We knew how to profit, not how to protect.
Does any one think this a little out of the ordinary?
I've been thinking about the potential impacts of climate related weather events in the future and realized that I don't actually have to imagine what it would be like, because what is anticipated to occur as our climate changes, is happening almost on a daily basis already.
Researching the natural disasters which have impacted people around the planet recently I found a page up at Wikipedia which allows people to reference all the major natural disasters for a given year.
2009 Georgia (U.S. state) floods, At least $500 million, 10 deaths
2009 northeastern Sicily floods and mudslides, at least 20 deaths
Cyclone Klaus - France, Spain, Andorra, Italy, 27 deaths, 600 million Euros
2009 southeastern Australia heat wave, 374 deaths, cost $100 million
Australia Black Saturday bushfires, 173 deaths, $500m + 450,000 hectares, 1.1 million acres + 3,500+ structures in total, damage still being assessed
Turkey 2009 Zigana avalanche, 11 deaths
The past month alone
Southern California wildfires, two deaths, Millions of dollars to fight and in property lost
In Australia last month in a one week period Hail, thunderstorms, dust storms, floods, bushfires, tornado, earthquakes
25/26/27 September - Philippino tropical storm Ondoy (Ketsana), 240 deaths, $2.4 Billion Philippino
29 September Vietnam, Cambodia - Ondoy, 99+ deaths, $120 Million
29 September Tsunami Samoa, Western Samoa, Tonga, 164 deaths
Or we go back to the beginning of the year and we had
Some of the most magnificent beach front in Australia being washed away in Climaticide - Black Sand Event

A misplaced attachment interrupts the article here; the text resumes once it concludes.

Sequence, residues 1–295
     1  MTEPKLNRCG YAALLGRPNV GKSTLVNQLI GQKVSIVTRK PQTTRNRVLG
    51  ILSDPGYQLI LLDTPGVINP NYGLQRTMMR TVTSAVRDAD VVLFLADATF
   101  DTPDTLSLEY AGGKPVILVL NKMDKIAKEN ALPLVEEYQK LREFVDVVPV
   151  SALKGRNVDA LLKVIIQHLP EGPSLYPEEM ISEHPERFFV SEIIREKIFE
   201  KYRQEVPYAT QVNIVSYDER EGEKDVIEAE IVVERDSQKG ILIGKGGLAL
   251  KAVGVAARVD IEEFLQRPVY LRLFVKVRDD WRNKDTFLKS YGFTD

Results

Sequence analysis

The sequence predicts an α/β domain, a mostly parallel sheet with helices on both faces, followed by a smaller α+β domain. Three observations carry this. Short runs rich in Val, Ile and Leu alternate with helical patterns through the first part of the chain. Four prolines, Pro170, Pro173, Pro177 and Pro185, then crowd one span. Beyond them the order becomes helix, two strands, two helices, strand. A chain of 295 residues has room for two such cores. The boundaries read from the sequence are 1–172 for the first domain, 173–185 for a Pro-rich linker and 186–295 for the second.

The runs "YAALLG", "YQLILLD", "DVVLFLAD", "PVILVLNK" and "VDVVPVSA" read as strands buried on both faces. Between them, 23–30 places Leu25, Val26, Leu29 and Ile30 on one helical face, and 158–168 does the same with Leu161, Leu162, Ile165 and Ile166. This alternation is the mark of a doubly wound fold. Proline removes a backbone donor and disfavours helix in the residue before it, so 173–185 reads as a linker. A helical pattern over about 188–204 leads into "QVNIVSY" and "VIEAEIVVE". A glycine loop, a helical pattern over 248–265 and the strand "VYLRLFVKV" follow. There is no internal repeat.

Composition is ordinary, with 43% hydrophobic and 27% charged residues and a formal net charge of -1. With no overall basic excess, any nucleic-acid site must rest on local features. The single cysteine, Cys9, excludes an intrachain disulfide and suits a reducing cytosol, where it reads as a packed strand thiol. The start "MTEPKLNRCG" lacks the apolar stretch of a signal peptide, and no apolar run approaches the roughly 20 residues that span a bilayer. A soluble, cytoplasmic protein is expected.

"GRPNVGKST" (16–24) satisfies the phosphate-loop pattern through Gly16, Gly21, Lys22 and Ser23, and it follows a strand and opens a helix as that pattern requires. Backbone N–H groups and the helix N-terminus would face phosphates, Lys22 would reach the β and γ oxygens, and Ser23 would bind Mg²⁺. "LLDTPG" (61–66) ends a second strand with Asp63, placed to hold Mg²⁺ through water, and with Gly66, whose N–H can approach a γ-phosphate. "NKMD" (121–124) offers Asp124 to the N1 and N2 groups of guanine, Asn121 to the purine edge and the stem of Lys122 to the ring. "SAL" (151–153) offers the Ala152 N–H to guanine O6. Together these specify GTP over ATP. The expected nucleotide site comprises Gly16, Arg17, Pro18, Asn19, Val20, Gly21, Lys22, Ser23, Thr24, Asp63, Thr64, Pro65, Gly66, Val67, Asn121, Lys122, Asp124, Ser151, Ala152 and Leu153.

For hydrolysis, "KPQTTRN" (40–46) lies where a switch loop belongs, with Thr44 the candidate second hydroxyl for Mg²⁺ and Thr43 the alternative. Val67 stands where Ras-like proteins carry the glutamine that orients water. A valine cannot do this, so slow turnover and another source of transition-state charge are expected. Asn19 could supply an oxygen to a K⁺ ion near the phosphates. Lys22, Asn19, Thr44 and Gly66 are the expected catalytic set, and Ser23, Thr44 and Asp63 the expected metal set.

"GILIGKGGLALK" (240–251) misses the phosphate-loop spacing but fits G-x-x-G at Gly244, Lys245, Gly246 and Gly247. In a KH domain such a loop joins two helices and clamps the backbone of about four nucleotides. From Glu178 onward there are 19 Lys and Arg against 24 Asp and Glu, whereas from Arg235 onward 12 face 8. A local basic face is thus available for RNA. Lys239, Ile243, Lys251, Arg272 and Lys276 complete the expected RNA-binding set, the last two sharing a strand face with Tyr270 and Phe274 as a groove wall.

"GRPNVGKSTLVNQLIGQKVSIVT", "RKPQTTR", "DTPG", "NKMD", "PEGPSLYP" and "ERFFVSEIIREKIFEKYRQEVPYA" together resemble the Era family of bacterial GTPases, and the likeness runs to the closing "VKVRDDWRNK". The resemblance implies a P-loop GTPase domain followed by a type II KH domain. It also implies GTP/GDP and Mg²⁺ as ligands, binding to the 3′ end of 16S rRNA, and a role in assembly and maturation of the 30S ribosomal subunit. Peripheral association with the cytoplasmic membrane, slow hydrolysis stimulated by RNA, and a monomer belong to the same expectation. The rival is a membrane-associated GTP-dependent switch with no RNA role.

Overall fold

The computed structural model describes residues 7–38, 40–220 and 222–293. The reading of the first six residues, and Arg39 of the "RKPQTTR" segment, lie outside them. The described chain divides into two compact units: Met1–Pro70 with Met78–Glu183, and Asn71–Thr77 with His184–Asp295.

One of the most prestigious sea-change retirement real estate areas is being washed away in Australia. The council have a policy in place as climate disruption erosion events were expected and they have a 'ready to go' land abandonment policy.
Wintersun - Photo diary More destruction of Australias Gold Coast.
Natural Disaster early warning sites
With these natural disaster events causing loss of life and incredible damage to property, it got me thinking about what parallels can be drawn between natural disasters which increasingly may be influenced by our changing climate, and man-made disasters.
As a follow on to my previous diary, I've put these disasters into a group.
Planeview Events - Energy industry related disasters
Chevron in Ecuador 1964-1990, Toxic waste estimated equivalent to 30 Exxon Valdez, potentially $16 Billion in damages
On 21 August 1991, approximately 8.5 million litres of chemicals burned following an explosion caused by lightning striking a storage tank at Victoria's largest toxic chemical storage facility at Coode Island, Melbourne, creating a very hazardous situation.
Huge clouds of toxic smoke and fumes threatened nearby suburbs but fortunately were largely dispersed by high winds in the area. Over 250 people were evacuated from nearby factories and ships. Of the 150 firefighters who fought the inferno, 2 were injured. A total of 14 storage tanks containing about 600,000 litres of chemical each were destroyed and 230,000 litres of fire-suppressing foam were used against the blaze (at a cost of $1.5 m alone). Damage to the facility and clean-up costs were estimated at over $20m (1991 values)
Longford 25 September 1998. 2 deaths, cost $1.3 Billion to Victorian industry (1998 dollars).
BHP Billiton and Australia history Exxon and Australia Longford plant Exxon celebrates 40 years of Longford Gas plant in 2009